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What Do DoDEA Schools Look Like This Year?

dodea covid 19 remote

What Do DoDEA Schools Look Like This Year?

On the homepage of Department of Defense Education Activity (DoDEA), it states that the upcoming 20-21 school year will look different across all of their schools, with the creation of “a new-normal environment due to COVID-19.” While in-person instruction is what has proven to work best for students, there are some changes that have to be made, such as:

  • wearing of face coverings
  • social distancing
  • additional sanitization and precautionary measures

DoDEA wishes to have all schools fully open with students attending in person “if local health conditions allow for it,” but is providing a virtual option for those who have concerns about their child physically returning to school.

What Does Virtual Attendance Look Like?

Attending virtually comes with a handful of requirements, the most important being a full semester commitment to virtual status, with the potential that the student attends virtually for the entire school year.  Additionally, all parents must provide virtual students with internet and computer access (or make arrangements through the school in cases of hardship or inaccessibility).

As of mid-August, roughly 42% of DoDEA’s enrollment (25,568 students) will be learning outside of the typical classroom setting when this school year starts. All of those virtual students are required to follow the DoDEA Virtual school calendar, with classes having started on August 24, and possibly different than the in-person calendar others are following in their region.

Some Parent Participation Required

This type of instruction does require some parent-participation, such as teacher conferences (as-needed) or occasional check-ups on student progress, depending on the age of the student.  Some locations are offering the option for virtual students to still participate in extracurricular activities, but these spots will be available on a limited basis and will require the wearing of face coverings.

Food Assistance Programs Still Available

It should also be noted that food assistance programs are also still available for those learning in a virtual environment (in the form of takeout lunches).

1/3 of DoDEA Schools to Open With Remote-Learning Only Status

There are, however, a handful of DoDEA schools that are only re-opening on a remote/virtual status, meaning all students will be following these procedures whether by choice or not.

DoDEA director Tom Brady briefed the Pentagon on August 13, when he stated about one-third of DoDEA schools would remain inaccessible to students and would begin the 20-21 school year on a remote-learning only status. Due to the high number of cases in the U.S., only half of DoDEA schools are opening with COVID-19 measures in place; the other half are located on installations with a Health Protection Condition of Charlie or Delta.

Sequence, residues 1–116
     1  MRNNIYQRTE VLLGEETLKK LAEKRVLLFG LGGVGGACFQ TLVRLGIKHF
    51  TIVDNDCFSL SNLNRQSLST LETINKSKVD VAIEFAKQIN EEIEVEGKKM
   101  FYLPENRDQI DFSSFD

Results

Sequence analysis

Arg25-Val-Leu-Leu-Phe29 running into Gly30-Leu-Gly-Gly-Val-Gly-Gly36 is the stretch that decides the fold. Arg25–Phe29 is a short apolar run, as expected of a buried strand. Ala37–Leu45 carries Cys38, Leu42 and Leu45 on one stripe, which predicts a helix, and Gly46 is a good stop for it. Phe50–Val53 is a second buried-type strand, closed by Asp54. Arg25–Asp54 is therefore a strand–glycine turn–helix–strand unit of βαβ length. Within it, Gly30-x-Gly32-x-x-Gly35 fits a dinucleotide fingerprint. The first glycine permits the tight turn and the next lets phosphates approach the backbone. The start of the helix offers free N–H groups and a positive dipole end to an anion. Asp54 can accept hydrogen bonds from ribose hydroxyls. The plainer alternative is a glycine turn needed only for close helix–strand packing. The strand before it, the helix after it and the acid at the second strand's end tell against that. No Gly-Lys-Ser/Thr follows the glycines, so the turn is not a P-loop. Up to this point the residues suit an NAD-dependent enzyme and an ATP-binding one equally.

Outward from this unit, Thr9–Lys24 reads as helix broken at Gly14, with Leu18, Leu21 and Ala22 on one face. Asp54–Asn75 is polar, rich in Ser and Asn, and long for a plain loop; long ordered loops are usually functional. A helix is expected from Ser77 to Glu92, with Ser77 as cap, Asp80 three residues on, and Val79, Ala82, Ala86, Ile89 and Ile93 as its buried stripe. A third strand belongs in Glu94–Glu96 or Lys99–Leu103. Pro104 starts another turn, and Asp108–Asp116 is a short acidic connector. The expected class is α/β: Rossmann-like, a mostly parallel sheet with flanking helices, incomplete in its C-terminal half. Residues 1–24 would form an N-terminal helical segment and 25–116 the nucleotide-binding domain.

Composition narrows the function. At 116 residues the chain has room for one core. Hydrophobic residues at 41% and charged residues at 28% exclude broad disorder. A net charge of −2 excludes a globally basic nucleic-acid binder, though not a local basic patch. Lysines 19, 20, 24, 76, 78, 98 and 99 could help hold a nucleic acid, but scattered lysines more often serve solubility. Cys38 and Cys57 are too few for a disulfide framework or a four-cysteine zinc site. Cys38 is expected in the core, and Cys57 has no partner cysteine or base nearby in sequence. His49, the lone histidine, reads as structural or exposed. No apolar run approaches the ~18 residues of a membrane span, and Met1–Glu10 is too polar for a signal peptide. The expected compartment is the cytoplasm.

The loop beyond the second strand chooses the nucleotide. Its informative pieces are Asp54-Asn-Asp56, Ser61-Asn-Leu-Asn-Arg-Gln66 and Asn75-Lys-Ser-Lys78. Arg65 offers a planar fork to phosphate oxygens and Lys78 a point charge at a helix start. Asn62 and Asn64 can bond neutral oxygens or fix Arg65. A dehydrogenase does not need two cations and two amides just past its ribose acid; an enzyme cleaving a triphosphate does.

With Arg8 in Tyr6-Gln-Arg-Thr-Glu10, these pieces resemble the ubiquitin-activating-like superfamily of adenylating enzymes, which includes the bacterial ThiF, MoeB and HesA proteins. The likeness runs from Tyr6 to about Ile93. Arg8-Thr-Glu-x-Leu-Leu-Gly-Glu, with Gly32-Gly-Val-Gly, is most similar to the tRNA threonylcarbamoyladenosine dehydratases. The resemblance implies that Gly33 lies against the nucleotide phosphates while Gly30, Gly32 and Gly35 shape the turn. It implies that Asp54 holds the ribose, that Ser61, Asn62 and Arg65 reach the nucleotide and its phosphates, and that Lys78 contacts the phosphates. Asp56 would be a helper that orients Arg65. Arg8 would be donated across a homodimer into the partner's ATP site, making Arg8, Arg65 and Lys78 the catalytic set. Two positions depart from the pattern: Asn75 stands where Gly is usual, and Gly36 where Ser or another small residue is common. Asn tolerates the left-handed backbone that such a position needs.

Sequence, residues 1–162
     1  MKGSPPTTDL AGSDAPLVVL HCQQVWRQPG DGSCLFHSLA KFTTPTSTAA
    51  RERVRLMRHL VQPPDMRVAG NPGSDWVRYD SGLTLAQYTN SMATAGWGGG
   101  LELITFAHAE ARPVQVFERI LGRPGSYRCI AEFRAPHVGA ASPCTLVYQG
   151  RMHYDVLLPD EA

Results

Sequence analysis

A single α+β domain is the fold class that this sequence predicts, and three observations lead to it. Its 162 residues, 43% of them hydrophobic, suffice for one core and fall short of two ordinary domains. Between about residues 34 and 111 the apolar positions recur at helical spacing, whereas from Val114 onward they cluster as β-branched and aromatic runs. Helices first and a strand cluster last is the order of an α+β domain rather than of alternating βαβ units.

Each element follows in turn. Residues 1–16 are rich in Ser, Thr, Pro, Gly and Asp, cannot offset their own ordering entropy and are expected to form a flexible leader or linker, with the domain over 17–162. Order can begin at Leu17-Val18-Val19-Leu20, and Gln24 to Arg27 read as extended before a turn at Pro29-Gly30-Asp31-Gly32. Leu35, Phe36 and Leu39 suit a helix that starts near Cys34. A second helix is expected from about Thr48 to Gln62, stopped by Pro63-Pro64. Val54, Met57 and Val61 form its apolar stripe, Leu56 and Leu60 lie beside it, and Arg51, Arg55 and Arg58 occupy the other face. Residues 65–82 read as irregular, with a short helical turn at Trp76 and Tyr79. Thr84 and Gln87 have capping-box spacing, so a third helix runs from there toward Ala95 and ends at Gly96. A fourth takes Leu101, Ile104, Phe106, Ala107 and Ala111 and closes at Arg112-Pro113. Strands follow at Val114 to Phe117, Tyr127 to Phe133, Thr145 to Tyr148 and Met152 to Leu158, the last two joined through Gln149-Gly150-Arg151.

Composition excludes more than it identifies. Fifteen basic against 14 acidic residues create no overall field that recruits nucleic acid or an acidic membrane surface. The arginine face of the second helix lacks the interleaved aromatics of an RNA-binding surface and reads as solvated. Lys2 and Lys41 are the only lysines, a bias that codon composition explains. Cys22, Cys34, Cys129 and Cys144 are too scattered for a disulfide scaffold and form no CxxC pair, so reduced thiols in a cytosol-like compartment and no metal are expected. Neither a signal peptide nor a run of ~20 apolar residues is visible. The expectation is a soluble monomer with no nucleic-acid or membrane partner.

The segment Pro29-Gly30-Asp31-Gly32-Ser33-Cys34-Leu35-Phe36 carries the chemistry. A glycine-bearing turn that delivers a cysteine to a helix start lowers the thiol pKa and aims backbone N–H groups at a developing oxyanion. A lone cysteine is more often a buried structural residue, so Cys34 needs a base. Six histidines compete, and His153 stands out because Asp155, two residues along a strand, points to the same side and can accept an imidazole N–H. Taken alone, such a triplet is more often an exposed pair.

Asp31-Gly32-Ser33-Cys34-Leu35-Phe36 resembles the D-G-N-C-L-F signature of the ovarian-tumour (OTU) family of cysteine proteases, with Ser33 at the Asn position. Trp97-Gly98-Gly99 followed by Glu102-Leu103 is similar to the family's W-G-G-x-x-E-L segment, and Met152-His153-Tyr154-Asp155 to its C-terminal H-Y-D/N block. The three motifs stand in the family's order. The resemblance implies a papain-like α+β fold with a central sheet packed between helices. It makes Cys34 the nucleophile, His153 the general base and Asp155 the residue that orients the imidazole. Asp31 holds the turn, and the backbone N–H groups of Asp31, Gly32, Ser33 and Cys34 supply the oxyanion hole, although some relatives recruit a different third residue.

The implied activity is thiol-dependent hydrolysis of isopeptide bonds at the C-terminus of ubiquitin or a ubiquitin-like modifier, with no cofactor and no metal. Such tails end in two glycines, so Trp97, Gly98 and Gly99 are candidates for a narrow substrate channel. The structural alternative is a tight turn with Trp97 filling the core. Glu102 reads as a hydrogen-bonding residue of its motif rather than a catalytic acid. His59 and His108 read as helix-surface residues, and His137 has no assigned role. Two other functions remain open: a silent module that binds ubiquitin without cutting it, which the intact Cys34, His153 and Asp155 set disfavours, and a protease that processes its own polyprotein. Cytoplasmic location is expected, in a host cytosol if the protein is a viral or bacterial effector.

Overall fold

Students in these locations will all attend remotely on a temporary basis, based on the status of local health conditions. Additionally, 19 of the 45 schools in the Pacific and two of the 64 schools in Europe will open remote-only and stay that way until local conditions improve.

>> For a full list of remote-only DoDEA schools, please go here.

In the case of schools that are opening for in-person learning, conditions have been put into place in the event that a student, teacher, or staff contracts the coronavirus. Brady said in his briefing, “The school will shut down for two to five days for custodians to clean. If the school must close for six or more days, the school will move to remote learning until it is safe to return.”

Even with Director Brady’s reassurances, there are still many who fear the re-opening of DoDEA schools so soon. The Federal Education Association (FEA) currently has an online plea out, calling for the remote-only opening of all DoDEA schools, as they are “not prepared to open schools safely” mainly due to staffing issues. The FEA raises issues of properly trained staff for cleaning/sanitation purposes, not enough staff leading to overcrowding of classrooms, buses that will still run at full, overcrowded capacity, and others. Many say that DoDEA is doing its best, but more time is needed to ensure the safety of all those involved in the schools.





About the author

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Samantha Cain has 10 years of experience as a freelance writer and content creator, specializing in a variety of topics such as higher education, personal finance, event planning, DIY projects, and military life. She holds a BA in English, is working towards an MS in Higher Education, and has been a military spouse for eight years. Having lived on a number of overseas military bases, she brings a unique perspective to her writing and strives to provide quality and beneficial information to the military community.